1. Dismiss Notice
  2. Download free Tapatalk for iPhone or Tapatalk for Android for your phone and follow the SDN forums with push notifications.
    Dismiss Notice
Dismiss Notice
Visit Interview Feedback to view and submit interview information.

Effects of Hormones on BP

Discussion in 'MCAT Study Question Q&A' started by justadream, Sep 5, 2014.

  1. justadream

    7+ Year Member

    Joined:
    Apr 29, 2011
    Messages:
    2,173
    Likes Received:
    810
    Would:

    Glucagon = increase pressure (more glucose in blood - draws more water into blood vessels)
    Insulin = decrease pressure (less glucose in blood - draws water into tissue)

    Also, what about things that increase metabolic rate?

    Epinephrine = increase pressure (more glucose in blood - draws more water into blood vessels)
    Thyroxine = increase pressure (more glucose in blood - draws more water into blood vessels)
     
  2. Note: SDN Members do not see this ad.

  3. Czarcasm

    Czarcasm Hakuna matata, no worries.
    5+ Year Member

    Joined:
    Jun 22, 2013
    Messages:
    966
    Likes Received:
    407
    Status:
    Medical Student (Accepted)
    Nearly 100% of glucose is reabsorbed by the nephron in the kidney, along with other essential nutrients. Neither insulin or glucagon would influence blood pressure in any significant way. Blood pressure is effected by a variety of factors (resistance of blood flow by vasoconstriction, heart rate, fluid retention, temperature, etc).

    Epinephrine is released during the sympathetic response (which as a consequence of the collective SNS response, increases blood pressure). Throxine increases metabolic activity of the body, so you might say it would increase pressure. I would focus on the primary actions of these hormones, what stimulates their release, and what happens when they are released in excess, etc. I understand you're trying to think outside the box, but there's no need to involve blood pressure here.
     
  4. justadream

    7+ Year Member

    Joined:
    Apr 29, 2011
    Messages:
    2,173
    Likes Received:
    810
    @Czarcasm

    I get that glucose is reabsorbed by the kidney but why does that change anything?

    If glucagon increases glucose levels in the blood, the kidney will simply take some of it in and put it all back into the blood. So at the end of the day, glucose remains in the blood. Why wouldn't this affect blood pressure?
     
  5. Czarcasm

    Czarcasm Hakuna matata, no worries.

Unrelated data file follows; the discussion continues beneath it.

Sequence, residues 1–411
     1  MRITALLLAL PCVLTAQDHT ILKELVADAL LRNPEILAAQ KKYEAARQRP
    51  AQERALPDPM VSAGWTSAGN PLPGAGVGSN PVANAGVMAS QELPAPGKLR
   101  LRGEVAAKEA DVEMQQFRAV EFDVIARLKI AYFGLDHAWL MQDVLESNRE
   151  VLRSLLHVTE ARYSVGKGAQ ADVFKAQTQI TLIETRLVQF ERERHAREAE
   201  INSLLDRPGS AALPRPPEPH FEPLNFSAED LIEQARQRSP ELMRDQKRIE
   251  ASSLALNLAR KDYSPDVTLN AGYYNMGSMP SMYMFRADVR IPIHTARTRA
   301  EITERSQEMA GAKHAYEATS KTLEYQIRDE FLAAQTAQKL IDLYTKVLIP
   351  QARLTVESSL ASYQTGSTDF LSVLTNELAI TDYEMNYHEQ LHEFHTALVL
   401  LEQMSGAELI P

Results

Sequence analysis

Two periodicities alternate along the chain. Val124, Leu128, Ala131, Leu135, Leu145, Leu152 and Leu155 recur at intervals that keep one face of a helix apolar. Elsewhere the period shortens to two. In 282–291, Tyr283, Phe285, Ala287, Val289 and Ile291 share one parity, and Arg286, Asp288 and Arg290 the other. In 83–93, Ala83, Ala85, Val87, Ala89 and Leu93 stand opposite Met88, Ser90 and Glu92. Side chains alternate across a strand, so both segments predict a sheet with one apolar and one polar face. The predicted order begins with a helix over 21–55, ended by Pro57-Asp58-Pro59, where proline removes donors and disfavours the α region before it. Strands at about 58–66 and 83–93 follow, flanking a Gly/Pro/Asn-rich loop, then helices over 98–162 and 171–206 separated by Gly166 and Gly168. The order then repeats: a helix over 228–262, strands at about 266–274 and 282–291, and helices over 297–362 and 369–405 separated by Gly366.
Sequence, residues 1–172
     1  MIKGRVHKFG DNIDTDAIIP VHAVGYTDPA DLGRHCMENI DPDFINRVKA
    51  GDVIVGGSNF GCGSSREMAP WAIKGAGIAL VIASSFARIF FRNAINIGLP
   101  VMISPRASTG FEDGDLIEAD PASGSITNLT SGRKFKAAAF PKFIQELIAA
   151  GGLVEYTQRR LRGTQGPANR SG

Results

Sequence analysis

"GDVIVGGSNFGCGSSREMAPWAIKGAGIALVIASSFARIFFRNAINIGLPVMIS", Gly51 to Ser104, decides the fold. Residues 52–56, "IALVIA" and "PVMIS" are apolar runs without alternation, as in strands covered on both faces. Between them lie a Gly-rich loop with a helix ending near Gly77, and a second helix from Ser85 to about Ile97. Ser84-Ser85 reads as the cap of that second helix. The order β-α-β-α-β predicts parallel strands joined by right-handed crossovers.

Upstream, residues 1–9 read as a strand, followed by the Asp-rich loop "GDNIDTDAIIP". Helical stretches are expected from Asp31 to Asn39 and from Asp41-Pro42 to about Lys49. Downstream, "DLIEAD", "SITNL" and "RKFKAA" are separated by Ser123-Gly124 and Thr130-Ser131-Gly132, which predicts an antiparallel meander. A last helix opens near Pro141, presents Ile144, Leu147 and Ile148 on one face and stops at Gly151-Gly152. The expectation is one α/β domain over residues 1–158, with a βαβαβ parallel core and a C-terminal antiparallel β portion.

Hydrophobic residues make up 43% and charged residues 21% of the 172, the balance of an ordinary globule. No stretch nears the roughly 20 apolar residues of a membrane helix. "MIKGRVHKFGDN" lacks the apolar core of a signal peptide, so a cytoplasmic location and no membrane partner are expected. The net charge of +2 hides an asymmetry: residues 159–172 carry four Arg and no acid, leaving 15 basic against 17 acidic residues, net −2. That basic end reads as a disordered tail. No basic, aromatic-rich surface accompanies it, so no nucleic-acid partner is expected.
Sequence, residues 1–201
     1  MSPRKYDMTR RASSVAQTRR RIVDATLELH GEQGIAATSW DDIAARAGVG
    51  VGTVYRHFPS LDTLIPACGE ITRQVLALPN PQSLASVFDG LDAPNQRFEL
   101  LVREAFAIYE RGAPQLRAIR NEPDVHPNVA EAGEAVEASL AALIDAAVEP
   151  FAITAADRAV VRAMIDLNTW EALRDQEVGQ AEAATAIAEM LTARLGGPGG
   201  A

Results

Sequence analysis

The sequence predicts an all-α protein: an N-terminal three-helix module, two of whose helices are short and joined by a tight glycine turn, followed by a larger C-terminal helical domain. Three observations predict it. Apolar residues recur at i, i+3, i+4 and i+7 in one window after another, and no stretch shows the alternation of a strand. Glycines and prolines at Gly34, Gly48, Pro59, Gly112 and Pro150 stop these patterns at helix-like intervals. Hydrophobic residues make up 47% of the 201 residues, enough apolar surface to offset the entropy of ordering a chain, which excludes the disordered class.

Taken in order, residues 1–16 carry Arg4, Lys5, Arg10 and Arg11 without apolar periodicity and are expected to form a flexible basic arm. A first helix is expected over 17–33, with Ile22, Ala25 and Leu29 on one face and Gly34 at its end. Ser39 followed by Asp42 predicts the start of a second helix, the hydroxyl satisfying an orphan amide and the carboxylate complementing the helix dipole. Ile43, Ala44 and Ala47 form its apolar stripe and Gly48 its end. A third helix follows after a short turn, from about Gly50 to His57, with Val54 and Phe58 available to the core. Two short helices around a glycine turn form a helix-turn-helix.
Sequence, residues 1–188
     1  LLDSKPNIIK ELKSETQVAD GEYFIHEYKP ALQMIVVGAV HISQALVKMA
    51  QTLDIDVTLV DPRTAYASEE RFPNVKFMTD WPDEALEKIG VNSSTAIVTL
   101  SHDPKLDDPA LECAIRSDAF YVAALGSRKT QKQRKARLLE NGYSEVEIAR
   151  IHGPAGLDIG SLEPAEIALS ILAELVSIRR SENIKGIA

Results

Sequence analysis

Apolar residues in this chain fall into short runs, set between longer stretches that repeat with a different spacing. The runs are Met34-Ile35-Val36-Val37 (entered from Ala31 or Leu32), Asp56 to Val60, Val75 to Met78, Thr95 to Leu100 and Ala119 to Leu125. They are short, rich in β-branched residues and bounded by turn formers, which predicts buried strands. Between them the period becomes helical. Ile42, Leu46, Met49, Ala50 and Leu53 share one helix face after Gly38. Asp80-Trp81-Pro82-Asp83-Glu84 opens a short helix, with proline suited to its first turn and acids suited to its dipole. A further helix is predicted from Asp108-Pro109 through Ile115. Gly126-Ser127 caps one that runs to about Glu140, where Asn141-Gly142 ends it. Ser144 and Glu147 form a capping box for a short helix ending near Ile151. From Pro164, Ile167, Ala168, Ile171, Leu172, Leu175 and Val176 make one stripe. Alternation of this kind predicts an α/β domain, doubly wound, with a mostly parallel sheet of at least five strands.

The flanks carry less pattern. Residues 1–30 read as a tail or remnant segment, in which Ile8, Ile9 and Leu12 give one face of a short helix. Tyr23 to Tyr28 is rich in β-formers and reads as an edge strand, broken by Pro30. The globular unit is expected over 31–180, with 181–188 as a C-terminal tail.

5+ Year Member

    Joined:
    Jun 22, 2013
    Messages:
    966
    Likes Received:
    407
    Status:
    Medical Student (Accepted)
    I'm assuming here, your basing your reasoning on blood osmolarity - that is increasing or decreasing blood osmolarity (through glucose) would alter blood pressure. What I was trying to get at is that glucose levels in the blood are maintained at a relatively constant level in most people through the hormones insulin and glucagon. Perhaps briefly after a meal when glucose levels are high, you might predict that blood pressure may rise, but the action of insulin in almost instantaneous. High blood glucose triggers insulin release and almost immediately as it enters the blood, insulin repackages excess glucose for storage as glycogen in the liver and skeleton. At the same time, excess loss is prevented by complete reabsorption in the kidney. For this reason, it's highly improbable to assume that blood glucose would alter blood pressure to any significant degree, atleast for a healthy, non-diabetic individual. On the other hand, certain solutes like salt can and will increase blood pressure. We have no way of packaging excess salt. It just remains in the blood. The only way to remove excess salt in the blood is through excretion in the kidney. The hormone ANP released by the heart in response to high blood pressure allows for this excretion to happen, in order to reduce blood pressure to a healthy range. The problem with sodium and the reason it causes high blood pressure is that it increases the osmolarity of the blood. Osmoreceptors in the hypothalamus recognizes this change in blood osmolarity and releases ADH, which acts on the nephron of the kidney to increase water retention. Ultimately, it's this water retention that causes the high blood pressure.
     
    Cawolf likes this.

Share This Page